City of Oakley
Managed IT for the long term
How a small town continues to secure and expand its IT infrastructure while meeting budgets and growing its footprint.
Buildings: 3 current, 3 in progress
Location: Oakley, California
Size: Personnel grown from 3 to 85
Start date: 2002
Status: Ongoing network management and virtual CIO
City of Oakley
In 2002 the City of Oakley was a freshly minted town nestled along the San Joaquin River in a relatively remote part of California’s Bay Area. There was a city manager, an assistant and a finance manager convened in a small office in a strip mall with one donated server for all city business. Recognizing that rapid growth was a very strong possibility for the city, Rich Miller, formerly of the IT firm ONTAI, acquired by OTI in 2017, was quickly brought in as the city’s outsourced IT team to build out the town’s IT infrastructure.
Since then, Miller’s IT role and presence grew along with the city. Today, there are 85 city employees working through the City Hall IT infrastructure plus 45 of the city’s own police officers. From the beginning, they have deployed a centralized IT strategy that has been extended through all four phases of city development.
Our IT work includes capacity planning, installation and configuration to existing infrastructure for new buildings, equipment and systems, plus building out the computing environment for all individuals. Our outsourced IT also involves continuously monitoring the system back-end for usability and threat analysis.
The city’s physical location, along with the growing pains of starting up a new city. Initially, power and phone infrastructure were installed in the area on an as-needed basis because power companies couldn’t keep up with demand.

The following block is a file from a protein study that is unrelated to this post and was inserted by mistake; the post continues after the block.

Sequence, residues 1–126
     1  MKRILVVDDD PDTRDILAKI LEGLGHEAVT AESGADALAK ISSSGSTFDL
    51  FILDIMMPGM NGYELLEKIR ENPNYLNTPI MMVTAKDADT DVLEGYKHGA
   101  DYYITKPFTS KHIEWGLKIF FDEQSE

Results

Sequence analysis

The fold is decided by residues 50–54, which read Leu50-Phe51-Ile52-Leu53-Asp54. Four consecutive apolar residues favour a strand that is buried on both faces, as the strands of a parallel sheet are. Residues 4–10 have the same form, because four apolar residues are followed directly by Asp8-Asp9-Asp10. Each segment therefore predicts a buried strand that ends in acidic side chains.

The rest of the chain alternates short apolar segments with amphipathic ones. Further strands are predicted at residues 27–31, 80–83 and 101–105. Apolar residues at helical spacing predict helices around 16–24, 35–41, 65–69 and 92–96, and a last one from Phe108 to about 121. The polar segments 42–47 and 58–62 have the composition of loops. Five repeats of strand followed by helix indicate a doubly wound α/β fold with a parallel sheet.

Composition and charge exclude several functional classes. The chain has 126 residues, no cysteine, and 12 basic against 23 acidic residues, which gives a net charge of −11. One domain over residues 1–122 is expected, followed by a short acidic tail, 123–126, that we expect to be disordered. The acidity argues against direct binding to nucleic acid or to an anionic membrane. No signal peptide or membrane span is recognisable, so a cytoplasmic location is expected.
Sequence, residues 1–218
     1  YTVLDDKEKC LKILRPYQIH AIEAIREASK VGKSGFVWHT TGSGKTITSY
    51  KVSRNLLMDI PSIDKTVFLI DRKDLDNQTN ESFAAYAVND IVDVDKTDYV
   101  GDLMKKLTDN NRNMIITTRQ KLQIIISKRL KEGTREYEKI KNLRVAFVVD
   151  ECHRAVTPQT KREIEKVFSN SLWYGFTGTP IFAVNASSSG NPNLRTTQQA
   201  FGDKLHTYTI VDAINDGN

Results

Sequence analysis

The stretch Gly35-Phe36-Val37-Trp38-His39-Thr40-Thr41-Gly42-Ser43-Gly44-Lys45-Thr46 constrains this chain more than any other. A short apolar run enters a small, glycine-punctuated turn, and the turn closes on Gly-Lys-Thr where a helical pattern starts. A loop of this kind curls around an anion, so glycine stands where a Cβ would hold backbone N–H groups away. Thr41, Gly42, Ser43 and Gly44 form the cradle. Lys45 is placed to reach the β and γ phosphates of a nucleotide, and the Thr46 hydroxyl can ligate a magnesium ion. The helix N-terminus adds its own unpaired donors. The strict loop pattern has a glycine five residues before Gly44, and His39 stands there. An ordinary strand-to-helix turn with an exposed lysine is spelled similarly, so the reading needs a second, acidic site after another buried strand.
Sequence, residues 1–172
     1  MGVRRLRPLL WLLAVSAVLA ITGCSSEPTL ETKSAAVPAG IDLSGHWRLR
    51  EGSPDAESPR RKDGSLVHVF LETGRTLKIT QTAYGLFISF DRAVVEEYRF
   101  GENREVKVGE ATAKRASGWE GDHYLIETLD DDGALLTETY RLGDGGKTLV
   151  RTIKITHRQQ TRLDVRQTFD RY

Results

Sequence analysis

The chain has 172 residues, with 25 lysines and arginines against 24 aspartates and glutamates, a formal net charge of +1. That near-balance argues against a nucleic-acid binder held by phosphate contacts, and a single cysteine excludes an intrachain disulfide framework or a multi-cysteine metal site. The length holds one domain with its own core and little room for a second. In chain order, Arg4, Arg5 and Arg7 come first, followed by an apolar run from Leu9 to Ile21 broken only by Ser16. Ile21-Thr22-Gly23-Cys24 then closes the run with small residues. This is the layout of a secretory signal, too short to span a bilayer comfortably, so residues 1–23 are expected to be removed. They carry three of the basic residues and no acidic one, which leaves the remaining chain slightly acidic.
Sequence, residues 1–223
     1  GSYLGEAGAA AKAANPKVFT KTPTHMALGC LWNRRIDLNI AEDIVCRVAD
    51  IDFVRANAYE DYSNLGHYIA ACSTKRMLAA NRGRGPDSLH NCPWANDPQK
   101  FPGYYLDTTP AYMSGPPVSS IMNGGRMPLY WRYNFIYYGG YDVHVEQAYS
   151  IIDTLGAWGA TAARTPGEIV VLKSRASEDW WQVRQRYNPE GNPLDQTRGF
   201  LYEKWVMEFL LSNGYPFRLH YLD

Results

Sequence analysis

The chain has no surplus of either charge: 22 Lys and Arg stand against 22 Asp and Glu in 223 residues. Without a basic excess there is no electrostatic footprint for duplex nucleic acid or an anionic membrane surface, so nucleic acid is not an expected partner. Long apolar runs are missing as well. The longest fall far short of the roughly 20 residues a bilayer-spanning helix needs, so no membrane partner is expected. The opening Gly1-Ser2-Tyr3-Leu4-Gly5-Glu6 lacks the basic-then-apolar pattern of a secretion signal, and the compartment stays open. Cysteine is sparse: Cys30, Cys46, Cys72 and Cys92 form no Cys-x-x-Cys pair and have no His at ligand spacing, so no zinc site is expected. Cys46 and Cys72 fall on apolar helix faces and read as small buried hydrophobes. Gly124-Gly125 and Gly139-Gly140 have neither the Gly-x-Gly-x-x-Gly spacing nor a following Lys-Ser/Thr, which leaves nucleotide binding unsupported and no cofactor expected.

The budget constraints that come from small cities and public funded initiatives.
When the city was working to establish its own police force, it was necessary to interface with various other police agencies around the area and the federal government to insure all decisions were in compliance with local and federal laws.
To address stability issues power and communications infrastructure, our team built multiple redundant systems. As a result, there have been no unplanned outages on the IT infrastructure to date.
The city infrastructure has been completely virtualized since 2002, which has resulted in savings on hardware, software and infrastructure costs while making subsequent city initiaties far more cost-effective and quicker to deploy.
We acted as a conduit for all technology decisions while the city was establishing its own police force. We interfaced with the necessary agencies, got ourselves certified in the necessary protocols and introduced the force to new technologies like body cameras and in-car computer systems.
Our greatest success on this project has been the long-term, cooperative relationship that has introduced us all to new challenges and opportunities. Looking toward the future, we are exploring smart city initiatives that the City of Oakley can begin undertaking to be a leader in the Bay Area.